project originally began as a proposal to experiment with the
acoustics of the Beckhampton Cove by building three moveable
plywood panels to the approximate size of the missing stones,
and placing them on site to replicate the original setting.
the western avenue leading from the Avebury henge only two
stones remain. Known as 'The Longstones' the two have also
been named 'Adam & Eve'. The avenue was a long, curving
double row of stones, of which Eve is the only survivor; Adam
is the only remaining stone of the Beckhampton Cove. Coves
are a little-understood feature of some Neolithic henge monuments.
Roughly rectilinear, some coves appear to have been made up
of three stones, with one open side; the Beckhampton Cove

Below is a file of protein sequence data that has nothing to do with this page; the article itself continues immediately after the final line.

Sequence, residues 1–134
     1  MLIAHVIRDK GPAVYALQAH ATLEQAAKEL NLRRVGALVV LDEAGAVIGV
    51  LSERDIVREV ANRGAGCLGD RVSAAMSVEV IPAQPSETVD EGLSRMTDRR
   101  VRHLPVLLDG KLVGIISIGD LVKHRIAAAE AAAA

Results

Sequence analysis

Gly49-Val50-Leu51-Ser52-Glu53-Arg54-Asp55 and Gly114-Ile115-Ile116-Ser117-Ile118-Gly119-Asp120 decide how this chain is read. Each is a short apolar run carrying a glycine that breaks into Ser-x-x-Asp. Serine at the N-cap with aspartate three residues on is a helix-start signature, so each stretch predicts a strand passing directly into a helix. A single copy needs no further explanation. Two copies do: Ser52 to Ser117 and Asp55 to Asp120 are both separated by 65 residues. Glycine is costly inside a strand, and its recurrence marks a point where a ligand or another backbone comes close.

had four. It is particularly unusual in that the two side
stones were splayed.
Aubrey Burl has suggested (WAM, 1988) that coves may be representations
of the stone chambers found inside some long barrows. If ancestor
or initiation rituals were once performed inside the barrows
then few people could be present, due to the lack of space.
Perhaps using a cove instead allowed a bigger audience to witness
or participate in the the ritual?
Such an arrangement of stones may also have had acoustic effects,
with resonances or flutter echo. Perhaps the splayed sides
of the Beckhampton Cove may have projected sound out from